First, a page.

Careful pronoun use helps writers avoid confusion and miscommunication. When pronoun reference is vague or ambiguous, it means that the noun (or antecedent) that the pronoun refers to is not clear.
Susan Thurman, in The Only Grammar Book You’ll Ever Need, says that after verbs, pronouns cause the most problems with writers. Indeed, vague pronoun reference occurs near the top of both the 1986 and the 2006 versions of the list of top twenty common errors. (It did slip from the top 2 position in the earlier list to the number 4 position in the later list.)
Most people recognize that pronouns are used in place of nouns that are already known or have already been mentioned. Using them can make writing smoother and communication efficient. Notice the difference in the following sentences when the noun phrase the elderly man is replace with a pronoun he.
The elderly man sat on the bent until the elderly man was asked to leave.
The elderly man sat on the bent until he was asked to leave.
In some cases, the antecedent that the pronoun refers to is clear:
Shirley called to say she would be glad to help decorate for the party on Friday.
Here, the pronoun she refers to the noun Shirley (it’s antecedent).
In the following example, however, the reference is not as clear:
Billy Joe invited Darrell to the ranch because he enjoyed horseback riding.
Here there are two possible nouns or antecedents the pronoun he could refer to: Billy Joe and Darrell.
In cases in which there are two (or more) antecedents, a reader cannot tell what the writer had in mind. Who enjoys horseback riding, Billy Joe or Darrell?
Depending on what is meant, this sentence can be rewritten to make the meaning clear:
Because Darrel enjoyed horseback riding, Billy Joe invited him to the ranch.
Billy Joe, who enjoyed horseback riding, invited Darrell to the ranch.
Even with vague pronoun reference, the context can supply the intention, but sometimes a reader has to go back and reread in order to trace the pronoun to its antecedent or the noun it refers to.
Here’s an example from a newspaper article cited by Cathy Kehrwald Cook in Line by Line: How to Improve Your Own Writing (105).
“Tell Them” was written, incidentally, by the songwriter Paul Dresser, the brother of the novelist Theodore Dreiser, whose “My Gal Sal” will be sung at the stops along East 20th Street.
Though we may guess or know that Paul Dresser wrote “My Gal,” a relative pronoun like whose usually refers to the noun immediately preceding it, which would be Dreiser. This can be a stumbling block to a reader. Cook provides this suggested revision:
Incidentally, both “Tell Them” and “My Gal Sal,” the song that will be sung at the stops along East 20th Street, were written by Paul Dresser, the brother of novelist Theodore Dreiser.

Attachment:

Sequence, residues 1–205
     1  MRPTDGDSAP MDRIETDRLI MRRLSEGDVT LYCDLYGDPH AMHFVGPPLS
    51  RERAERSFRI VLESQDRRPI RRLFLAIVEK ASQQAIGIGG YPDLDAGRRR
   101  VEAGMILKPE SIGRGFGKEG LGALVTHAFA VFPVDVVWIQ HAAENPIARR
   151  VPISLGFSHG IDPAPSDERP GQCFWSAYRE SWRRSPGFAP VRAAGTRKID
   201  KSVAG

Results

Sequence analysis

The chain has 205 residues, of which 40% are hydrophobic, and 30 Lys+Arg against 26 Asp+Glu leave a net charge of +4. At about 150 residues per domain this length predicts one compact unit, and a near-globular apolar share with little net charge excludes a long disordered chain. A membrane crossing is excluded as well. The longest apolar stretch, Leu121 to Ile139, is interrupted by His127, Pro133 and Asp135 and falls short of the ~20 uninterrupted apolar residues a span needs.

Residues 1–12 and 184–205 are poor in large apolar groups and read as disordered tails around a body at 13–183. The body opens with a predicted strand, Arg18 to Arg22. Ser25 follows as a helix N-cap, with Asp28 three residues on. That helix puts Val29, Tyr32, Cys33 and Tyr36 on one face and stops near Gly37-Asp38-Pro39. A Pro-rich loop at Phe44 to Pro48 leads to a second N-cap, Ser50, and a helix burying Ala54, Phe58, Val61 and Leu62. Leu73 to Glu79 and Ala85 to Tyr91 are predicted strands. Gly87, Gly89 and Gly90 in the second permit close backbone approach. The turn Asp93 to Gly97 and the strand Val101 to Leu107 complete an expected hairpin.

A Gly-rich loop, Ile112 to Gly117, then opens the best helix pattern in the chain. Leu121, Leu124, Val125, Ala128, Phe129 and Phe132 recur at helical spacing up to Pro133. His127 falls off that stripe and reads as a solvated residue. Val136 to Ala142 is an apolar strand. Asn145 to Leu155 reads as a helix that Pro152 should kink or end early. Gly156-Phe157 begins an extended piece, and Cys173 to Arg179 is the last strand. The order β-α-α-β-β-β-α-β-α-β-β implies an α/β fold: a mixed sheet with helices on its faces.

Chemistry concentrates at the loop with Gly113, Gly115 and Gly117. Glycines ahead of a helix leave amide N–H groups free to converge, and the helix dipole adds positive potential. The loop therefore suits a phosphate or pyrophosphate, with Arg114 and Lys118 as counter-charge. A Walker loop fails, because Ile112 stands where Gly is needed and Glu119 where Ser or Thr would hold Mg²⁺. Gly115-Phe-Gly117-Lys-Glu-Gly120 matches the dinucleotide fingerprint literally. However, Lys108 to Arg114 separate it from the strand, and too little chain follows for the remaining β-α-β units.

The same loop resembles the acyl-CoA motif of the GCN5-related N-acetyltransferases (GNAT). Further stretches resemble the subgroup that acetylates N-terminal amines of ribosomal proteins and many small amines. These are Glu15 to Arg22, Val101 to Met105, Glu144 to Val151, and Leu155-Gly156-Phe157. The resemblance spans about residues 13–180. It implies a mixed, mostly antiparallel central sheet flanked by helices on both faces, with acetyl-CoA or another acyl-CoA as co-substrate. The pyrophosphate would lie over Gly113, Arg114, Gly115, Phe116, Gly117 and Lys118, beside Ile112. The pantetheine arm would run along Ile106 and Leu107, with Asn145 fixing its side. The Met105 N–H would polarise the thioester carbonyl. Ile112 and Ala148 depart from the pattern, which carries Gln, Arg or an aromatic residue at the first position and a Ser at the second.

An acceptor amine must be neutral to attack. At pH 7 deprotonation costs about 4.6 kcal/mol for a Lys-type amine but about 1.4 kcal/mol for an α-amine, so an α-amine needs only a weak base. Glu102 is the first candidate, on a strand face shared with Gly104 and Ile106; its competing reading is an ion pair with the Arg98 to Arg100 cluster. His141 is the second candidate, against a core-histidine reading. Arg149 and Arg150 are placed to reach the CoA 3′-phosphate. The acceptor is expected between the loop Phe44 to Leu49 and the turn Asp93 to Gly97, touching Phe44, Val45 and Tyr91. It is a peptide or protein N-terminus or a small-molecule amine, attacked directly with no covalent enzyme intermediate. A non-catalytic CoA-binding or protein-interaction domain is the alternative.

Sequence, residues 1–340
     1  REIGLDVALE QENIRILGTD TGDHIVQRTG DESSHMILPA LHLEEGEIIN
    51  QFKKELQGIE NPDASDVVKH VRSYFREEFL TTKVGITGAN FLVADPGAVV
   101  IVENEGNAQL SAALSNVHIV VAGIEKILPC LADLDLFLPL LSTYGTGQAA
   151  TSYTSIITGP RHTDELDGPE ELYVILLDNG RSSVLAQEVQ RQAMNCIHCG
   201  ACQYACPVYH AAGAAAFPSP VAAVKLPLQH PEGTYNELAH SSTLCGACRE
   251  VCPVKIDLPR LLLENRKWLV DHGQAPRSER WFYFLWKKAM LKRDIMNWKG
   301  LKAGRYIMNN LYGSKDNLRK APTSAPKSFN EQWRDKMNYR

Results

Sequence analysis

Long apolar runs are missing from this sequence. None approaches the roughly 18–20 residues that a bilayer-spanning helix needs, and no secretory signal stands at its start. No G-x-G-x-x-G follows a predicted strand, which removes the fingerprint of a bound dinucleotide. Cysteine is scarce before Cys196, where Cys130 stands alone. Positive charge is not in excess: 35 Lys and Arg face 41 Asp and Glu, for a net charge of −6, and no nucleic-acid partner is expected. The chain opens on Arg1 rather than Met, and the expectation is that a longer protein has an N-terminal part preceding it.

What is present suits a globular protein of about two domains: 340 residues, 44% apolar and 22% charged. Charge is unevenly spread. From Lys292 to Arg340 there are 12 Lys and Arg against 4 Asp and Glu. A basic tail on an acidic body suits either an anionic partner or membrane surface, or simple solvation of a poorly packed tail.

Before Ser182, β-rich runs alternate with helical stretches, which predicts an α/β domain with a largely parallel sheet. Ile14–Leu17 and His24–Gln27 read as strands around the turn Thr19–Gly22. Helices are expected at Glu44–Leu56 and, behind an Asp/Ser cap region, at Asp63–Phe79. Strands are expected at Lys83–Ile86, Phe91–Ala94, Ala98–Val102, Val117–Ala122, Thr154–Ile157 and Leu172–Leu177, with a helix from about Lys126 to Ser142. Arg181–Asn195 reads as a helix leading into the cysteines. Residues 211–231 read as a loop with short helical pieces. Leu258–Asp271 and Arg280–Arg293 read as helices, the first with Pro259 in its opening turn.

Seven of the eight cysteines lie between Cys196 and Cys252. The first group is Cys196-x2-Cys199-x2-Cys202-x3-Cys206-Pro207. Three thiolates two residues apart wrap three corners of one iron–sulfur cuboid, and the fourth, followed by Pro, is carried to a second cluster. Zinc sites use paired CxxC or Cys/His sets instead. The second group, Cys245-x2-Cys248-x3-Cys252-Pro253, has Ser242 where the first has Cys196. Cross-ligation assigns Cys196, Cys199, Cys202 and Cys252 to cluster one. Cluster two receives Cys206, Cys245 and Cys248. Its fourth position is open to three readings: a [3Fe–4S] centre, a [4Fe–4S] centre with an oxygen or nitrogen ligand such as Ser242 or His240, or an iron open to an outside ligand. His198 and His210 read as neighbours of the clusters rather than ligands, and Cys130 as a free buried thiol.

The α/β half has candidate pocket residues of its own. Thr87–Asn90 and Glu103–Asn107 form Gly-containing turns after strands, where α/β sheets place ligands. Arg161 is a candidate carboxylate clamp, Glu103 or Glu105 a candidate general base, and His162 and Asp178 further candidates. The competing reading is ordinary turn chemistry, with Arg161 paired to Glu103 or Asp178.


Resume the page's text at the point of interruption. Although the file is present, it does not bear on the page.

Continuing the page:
Martha Kolln in Rhetorical Grammar also points to instances when a vague pronoun reference can cause a fuzziness, rather than clear understanding.
She first provides examples in which the pronouns clearly refer to the nouns or noun phrases preceding them:
The old gymnasium needs a new roof.
It needs a new roof.
My sister’s boyfriend works for a meat-packing company.
He works for a meat-packing company.
In other examples, Kolln shows that while the meaning is not at stake, a fuzziness occurs because the pronouns refer not to a complete noun phrases, but to only a noun modifier:
The neighbor’s front porch is covered with trash, but he refuses to clean it up.
The neighbor’s dog gets into my garbage every week, but he refuses to do anything about it.
My sister’s boyfriend works for a meat-packing company. She’s a vegetarian.
It’s hard to keep track of the Administration’s stand on tariffs. They say something different every week.
Last summer I didn’t get to a single baseball game, even though it’s my favorite sport. (239-40)
Sometimes a pronoun has no clear antecedent. Consider the following sentence from Cook (106):
The young recording star was elated, but kept it hidden?
What did the star keep hidden?
If we follow the rule that a pronoun must refer to a noun already known or already mentioned, then the sentence would read:
The young recording star was elated, but kept elated hidden.
But, the antecedent cannot be elated because elated is not a noun. In such cases, we must replace the pronoun with a noun phrase that expresses the meaning.
Here is the sentence rewritten:
The young recording star was elated with his hit record, but kept his feelings hidden.
The following example of the need to provide a noun (or noun phrase) instead of a pronoun for a preceding noun illustrates the problem of the vague use of pronouns such as this:
I just found out that my roommate is planning to withdraw from school.
This really shocked me.
Though we understand what is meant, there is no clear antecedent for the pronoun this. It is a vague use. Ask of the sentence, what shocked the speaker?
Her decision really shocked me.
This vague use occurs because the words this, that, it, and which are sometimes used as a short cut for referring to something mentioned earlier. However, as with other pronouns, these words need a clear antecedent.
As you review and revise your writing, make sure that the pronouns you are using not only have clear antecedents, but also that they are referring to something that has already been expressed.